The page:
Editor’s letter

Not-for-profit was once one of those grubby phrases that lurked unspoken in the dictionary of ambitious managers. It was the overgrown career path to nowhere, travelled gratefully, but only by retired managers happy to bolster less than bulking super package, or failed public servants packed with bureaucratic procedure but very little appreciation of management practice and marketplace priorities. That, at least, was the popular mythology and few future-focused leaders cared to look much beyond the fringe of perception. But in the organisational realm of not-for-profit, as in virtually every other corner of our increasingly crowded and competitive world, things have changed.
Even without assigning our regular contributing writer Mark Story to report and explain the transition, it is obvious to even the casually interested that institutions like charities, churches, lobby groups, and arts enterprises are out there battling with the rest of the corporate melee for slice of the sponsorship dollar, the ear of decision makers and the hearts, minds and purses of the hoi polloi. Many of them are succeeding, often against seemingly stacked odds. There is reason for this. They are responding to the challenge of change and have learned that inspired leadership and motivated management are central to success.
Not-for-profit is large and rapidly growing sector within the economy, both in terms of people employed and dollars raised and managed. It is increasingly professional and commercial, offering “long-term career paths”, adopting best practice management standards and attracting “really talented” people who also relate to the element of altruism that many of these organisations offer. This is career option talented managers now willingly embrace on their way to some other “personal summit” or as satisfying professional end in itself. Our cover story begins on page 18.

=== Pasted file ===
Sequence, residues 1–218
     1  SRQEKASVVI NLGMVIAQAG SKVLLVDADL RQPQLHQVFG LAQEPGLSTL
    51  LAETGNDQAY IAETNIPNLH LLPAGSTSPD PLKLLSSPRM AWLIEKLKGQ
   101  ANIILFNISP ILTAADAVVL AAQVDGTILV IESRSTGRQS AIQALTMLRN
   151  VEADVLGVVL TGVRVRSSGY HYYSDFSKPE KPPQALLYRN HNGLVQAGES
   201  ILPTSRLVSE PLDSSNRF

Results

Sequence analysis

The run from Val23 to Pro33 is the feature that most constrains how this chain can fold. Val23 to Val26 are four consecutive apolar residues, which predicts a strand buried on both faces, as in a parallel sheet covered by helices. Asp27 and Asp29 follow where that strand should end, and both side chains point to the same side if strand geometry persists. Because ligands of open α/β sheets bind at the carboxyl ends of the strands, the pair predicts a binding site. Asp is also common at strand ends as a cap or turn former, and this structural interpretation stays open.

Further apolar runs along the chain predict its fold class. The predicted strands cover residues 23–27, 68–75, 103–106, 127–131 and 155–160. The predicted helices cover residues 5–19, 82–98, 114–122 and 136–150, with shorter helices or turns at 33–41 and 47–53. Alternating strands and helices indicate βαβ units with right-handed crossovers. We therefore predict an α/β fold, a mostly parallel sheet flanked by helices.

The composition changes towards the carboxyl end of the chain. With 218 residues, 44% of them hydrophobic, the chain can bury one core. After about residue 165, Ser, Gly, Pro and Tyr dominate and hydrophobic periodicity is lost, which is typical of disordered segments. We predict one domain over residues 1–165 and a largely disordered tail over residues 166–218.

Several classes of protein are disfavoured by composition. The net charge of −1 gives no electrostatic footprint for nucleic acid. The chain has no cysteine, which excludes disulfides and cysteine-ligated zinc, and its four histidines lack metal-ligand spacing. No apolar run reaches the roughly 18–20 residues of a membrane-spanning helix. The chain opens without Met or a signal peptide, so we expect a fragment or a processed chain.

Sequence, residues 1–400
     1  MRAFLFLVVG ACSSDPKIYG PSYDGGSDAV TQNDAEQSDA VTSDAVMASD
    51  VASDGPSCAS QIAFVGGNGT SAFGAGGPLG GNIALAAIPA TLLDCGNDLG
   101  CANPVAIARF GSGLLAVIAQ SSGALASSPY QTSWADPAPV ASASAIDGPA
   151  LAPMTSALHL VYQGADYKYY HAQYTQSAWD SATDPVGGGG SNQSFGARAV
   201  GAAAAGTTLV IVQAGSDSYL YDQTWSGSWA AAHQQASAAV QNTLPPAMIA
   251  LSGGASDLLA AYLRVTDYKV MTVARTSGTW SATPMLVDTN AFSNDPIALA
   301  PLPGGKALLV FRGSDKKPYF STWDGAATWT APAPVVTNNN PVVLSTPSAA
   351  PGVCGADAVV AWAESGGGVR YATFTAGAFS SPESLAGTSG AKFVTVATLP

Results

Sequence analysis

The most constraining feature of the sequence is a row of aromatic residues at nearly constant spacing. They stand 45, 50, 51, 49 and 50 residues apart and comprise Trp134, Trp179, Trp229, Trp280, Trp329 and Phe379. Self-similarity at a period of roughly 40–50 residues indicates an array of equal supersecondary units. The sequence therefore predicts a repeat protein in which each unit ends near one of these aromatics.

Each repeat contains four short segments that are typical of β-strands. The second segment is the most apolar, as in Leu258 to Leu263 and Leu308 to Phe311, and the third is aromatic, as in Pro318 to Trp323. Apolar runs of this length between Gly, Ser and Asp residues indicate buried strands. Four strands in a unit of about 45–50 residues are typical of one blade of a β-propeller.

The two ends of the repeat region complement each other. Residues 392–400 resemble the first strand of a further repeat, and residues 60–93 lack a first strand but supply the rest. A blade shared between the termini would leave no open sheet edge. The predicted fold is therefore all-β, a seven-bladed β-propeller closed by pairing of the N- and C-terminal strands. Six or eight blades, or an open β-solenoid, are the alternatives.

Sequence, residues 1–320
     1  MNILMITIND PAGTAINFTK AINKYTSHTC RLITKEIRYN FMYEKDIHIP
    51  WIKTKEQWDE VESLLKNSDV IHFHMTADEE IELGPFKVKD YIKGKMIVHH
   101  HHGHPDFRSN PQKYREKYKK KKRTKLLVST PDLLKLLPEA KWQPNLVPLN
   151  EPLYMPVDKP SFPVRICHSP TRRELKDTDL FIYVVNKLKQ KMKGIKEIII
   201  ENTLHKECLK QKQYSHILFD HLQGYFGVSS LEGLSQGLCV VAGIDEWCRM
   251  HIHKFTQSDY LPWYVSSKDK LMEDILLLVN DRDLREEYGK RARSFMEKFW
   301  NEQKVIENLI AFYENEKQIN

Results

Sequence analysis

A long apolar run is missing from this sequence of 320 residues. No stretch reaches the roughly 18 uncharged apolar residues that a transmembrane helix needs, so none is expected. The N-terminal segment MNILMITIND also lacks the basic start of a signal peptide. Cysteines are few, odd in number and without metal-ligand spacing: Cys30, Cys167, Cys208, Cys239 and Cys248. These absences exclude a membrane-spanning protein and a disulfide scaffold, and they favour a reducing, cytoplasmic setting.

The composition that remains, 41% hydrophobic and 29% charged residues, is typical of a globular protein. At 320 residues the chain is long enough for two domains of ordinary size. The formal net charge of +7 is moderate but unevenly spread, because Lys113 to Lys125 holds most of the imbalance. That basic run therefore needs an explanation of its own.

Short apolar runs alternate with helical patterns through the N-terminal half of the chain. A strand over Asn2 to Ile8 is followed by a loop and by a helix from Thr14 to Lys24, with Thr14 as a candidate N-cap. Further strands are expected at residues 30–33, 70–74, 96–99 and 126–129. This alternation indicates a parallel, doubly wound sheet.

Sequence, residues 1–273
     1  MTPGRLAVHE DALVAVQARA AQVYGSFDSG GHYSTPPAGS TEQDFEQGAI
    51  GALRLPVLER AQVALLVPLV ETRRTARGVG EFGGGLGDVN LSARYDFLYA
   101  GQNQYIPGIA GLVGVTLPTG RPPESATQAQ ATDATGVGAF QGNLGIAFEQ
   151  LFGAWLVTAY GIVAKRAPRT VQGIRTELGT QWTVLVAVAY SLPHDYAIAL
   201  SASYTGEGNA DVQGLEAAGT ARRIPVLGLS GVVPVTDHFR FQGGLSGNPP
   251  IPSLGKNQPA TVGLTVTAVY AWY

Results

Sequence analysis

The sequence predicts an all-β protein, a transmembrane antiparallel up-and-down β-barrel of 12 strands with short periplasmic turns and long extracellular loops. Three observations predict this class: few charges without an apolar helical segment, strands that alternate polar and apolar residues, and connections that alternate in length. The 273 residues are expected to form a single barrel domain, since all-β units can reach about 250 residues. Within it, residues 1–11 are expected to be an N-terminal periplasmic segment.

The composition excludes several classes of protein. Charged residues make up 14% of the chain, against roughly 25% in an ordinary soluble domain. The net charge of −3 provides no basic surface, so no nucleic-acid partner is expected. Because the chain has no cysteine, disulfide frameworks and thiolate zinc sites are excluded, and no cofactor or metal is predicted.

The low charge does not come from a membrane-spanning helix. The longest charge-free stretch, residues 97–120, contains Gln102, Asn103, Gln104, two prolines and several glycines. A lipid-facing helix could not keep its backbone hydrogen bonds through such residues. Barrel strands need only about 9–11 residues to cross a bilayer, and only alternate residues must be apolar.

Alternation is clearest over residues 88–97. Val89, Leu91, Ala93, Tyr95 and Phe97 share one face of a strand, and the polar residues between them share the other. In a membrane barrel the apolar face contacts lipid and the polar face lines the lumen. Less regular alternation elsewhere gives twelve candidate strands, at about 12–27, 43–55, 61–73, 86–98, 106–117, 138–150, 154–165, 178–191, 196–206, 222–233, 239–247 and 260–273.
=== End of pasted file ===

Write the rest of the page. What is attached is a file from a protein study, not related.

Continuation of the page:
Every organisation, not-for-profit or acquisitive conglomerate alike, needs to identify, develop and deploy the leaders in its ranks to survive and flourish and that is the thrust of our leadership feature this month. Consultants Christian Dahmen and Mark Hammond have created an 11-step approach to developing leaders because, they say, “leaders who are not capable of developing leaders will not be successful anymore”. Management magazine’s focus is leadership. Leadership is the ultimate expression of effective management. Leaders exist everywhere, sometimes hidden, in management ranks. Dahmen and Hammond argue that developing the next generation of leaders in any enterprise helps create culture “where effective leadership is valued”. The story starts on page 25.
There’s lot more to read in this issue. It contains stories about e-learning, about developing CCO – conflict competent organisation – and about when to drop project that looks likely to fail.

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